Brewer vignettes feature quotes I've picked up in my travels around the world. They are selected to reveal something essential about the personal philosophy or brewery in question.
Peter Bouckaert is one of the most celebrated brewers in the world. He got his start at Rodenbach and then came to the US and New Belgium Brewing where he started the wild program. I interviewed him about that project in 2012; he has since gone on to found Purpose Brewing.
Frank Boon started learning the craft of lambic-making in the 1960s, and has become the leading maker of lambics in Belgium. I visited him at his brewery in Lembeek in 2011.
Jason Kahler is the co-owner and brewer at tiny Solera Brewery in even tinier Parkdale, OR, which sits in the shadow of Mt. Hood. Jason has a special love and affinity for wild ales--truly wild--and he shared his philosophy with me.
I visited Sussex's Dark Star Brewing in 2011 and spoke with founder Paul Reed and then-brewer Mark Trantnor. This past week, Fuller's announced it had accquired Dark Star.
I spoke to Matt Brynildson a few years back to discuss pilsners. Firestone Walker's Pivo Pils was busy sparking a wave of craft pilsners--much as 805 is currently sparking a renaissance in goldens now.
"In Franconian vernacular when you limp and you dangle your arms, this dangling is called schlenken. So a schlenkerla is a diminutive or the nickname for a person who dangles, who walks like that—very much like a drunk person would walk."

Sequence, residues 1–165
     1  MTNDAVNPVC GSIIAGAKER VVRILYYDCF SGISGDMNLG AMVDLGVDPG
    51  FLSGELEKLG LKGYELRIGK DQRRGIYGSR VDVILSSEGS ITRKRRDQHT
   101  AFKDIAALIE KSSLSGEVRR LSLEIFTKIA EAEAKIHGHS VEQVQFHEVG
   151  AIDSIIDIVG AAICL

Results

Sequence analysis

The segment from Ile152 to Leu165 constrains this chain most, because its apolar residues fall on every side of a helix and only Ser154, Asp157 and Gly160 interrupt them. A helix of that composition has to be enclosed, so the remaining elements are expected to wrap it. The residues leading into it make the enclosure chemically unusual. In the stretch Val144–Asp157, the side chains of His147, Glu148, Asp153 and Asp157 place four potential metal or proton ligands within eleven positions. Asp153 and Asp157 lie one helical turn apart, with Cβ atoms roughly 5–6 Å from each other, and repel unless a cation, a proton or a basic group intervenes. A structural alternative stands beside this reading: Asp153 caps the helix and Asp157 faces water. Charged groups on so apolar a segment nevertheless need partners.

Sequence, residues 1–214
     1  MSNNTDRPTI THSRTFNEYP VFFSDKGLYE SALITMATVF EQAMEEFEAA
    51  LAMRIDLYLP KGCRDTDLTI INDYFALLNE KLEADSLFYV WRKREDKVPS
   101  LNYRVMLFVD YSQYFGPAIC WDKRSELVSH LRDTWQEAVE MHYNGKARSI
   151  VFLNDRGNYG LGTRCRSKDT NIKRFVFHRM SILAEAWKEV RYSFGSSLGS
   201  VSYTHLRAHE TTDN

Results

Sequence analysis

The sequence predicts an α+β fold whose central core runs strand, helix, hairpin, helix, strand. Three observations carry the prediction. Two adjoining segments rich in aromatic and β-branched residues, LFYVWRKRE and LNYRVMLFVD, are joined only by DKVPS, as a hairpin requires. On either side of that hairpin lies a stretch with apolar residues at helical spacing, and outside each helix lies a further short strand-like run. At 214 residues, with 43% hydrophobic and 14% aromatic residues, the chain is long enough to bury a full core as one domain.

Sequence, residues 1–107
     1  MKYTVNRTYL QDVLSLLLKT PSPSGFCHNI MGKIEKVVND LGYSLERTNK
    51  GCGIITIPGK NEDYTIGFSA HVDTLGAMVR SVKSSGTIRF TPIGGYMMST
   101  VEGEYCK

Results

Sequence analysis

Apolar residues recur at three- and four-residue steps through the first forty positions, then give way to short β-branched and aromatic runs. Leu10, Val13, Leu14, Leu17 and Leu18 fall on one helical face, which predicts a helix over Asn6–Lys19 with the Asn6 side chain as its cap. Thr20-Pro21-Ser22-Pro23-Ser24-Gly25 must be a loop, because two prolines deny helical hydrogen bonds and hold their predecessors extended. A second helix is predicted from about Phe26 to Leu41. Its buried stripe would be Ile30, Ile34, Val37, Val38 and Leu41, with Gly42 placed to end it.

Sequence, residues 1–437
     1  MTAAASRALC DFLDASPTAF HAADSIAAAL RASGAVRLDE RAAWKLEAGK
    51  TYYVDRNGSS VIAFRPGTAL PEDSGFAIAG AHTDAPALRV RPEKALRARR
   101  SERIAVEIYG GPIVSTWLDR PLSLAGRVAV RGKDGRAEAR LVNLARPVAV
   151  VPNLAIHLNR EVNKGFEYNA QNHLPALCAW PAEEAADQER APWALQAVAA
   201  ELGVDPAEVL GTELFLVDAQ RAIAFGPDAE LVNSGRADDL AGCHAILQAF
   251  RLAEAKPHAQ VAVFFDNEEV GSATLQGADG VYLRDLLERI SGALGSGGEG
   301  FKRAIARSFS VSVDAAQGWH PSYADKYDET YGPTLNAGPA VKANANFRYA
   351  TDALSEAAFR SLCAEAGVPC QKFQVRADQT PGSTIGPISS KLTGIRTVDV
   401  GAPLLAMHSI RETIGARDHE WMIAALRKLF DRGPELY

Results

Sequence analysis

I visited Belhaven in Dunbar, Scotland in 2011, at the tail end of George Howell's career there. Like all of the old-school British brewers, he was well-dressed and courtly. He had been head brewer--what the Brits call their brewmasters--for a decade and a half at that point.
“I was adamantly against it. When I went over to Belgium with a few other brewers two years ago, I was like, we gotta do this, we gotta brew these beers. [But] when I got back I thought: it’s too much work, it’s too risky, it’s too risky having all those microbes in the brewery.”
"So we speak of a beer with a low alcohol content, high bitterness, no residual sugar, so a refreshing beer. It was what we call in Belgium biere de saison, saison beer, brewed in the winter and drunk in the summer."
As brewers in the United States began developing their own approach to brewing hoppy ales, a few beers became watersheds in advancing the American palate. One of those is certainly Russian River's Pliny the Elder. I spoke with founder and brewer Vinnie Cilurzo about it back in 2012.
The brewer at Kout na Šumavě spoke not a word of English--that I heard. Back in 2014, we visited the brewery and Evan Rail translated what Mr. Hlavsa said. What started to emerge was one of the oddest processes I've encountered for making světlé pivo (what we call pilsner).
The Goschies planted their first crop of hops in the Willamette Valley in 1905. Today, grandaughter Gayle Goschie is one of the state's most visible and eloquent hop growers. Since we have just entered the hop harvest this is a perfect moment to listen to Gayle's words.
Van Havig first learned about Alfas when he was a teenager and read a story in Road and Track about the ten best cars under $5,000. “We are known as ‘Alfisti,’” he would later explain of the underground tribe devoted to Alfas.
Chestnuts are a big deal in Italy; a major crop, they find their way into dozens of recipes. Milled into flour and used something like wheat, they can be made into cakes. And, as Italian craft brewers soon discovered, beer.
"The big difference between spontaneous fermentation and mixed fermentation is with spontaneous you go with wort on wood and we go with young beer."